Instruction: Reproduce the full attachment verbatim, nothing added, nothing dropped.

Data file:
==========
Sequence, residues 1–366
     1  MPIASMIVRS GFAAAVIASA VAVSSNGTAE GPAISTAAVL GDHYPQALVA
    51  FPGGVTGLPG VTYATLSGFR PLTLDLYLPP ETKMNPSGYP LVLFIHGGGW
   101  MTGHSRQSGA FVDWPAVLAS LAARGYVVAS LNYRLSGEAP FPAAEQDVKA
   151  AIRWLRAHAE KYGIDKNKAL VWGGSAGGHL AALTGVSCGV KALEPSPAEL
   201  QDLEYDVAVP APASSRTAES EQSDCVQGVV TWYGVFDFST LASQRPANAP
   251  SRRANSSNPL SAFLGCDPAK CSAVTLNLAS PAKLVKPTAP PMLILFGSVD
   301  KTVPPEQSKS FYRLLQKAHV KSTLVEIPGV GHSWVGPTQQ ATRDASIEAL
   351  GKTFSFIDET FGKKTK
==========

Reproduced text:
Sequence, residues 1–366
     1  MPIASMIVRS GFAAAVIASA VAVSSNGTAE GPAISTAAVL GDHYPQALVA
    51  FPGGVTGLPG VTYATLSGFR PLTLDLYLPP ETKMNPSGYP LVLFIHGGGW
   101  MTGHSRQSGA FVDWPAVLAS LAARGYVVAS LNYRLSGEAP FPAAEQDVKA
   151  AIRWLRAHAE KYGIDKNKAL VWGGSAGGHL AALTGVSCGV KALEPSPAEL
   201  QDLEYDVAVP APASSRTAES EQSDCVQGVV TWYGVFDFST LASQRPANAP
   251  SRRANSSNPL SAFLGCDPAK CSAVTLNLAS PAKLVKPTAP PMLILFGSVD
   301  KTVPPEQSKS FYRLLQKAHV KSTLVEIPGV GHSWVGPTQQ ATRDASIEAL
   351  GKTFSFIDET FGKKTK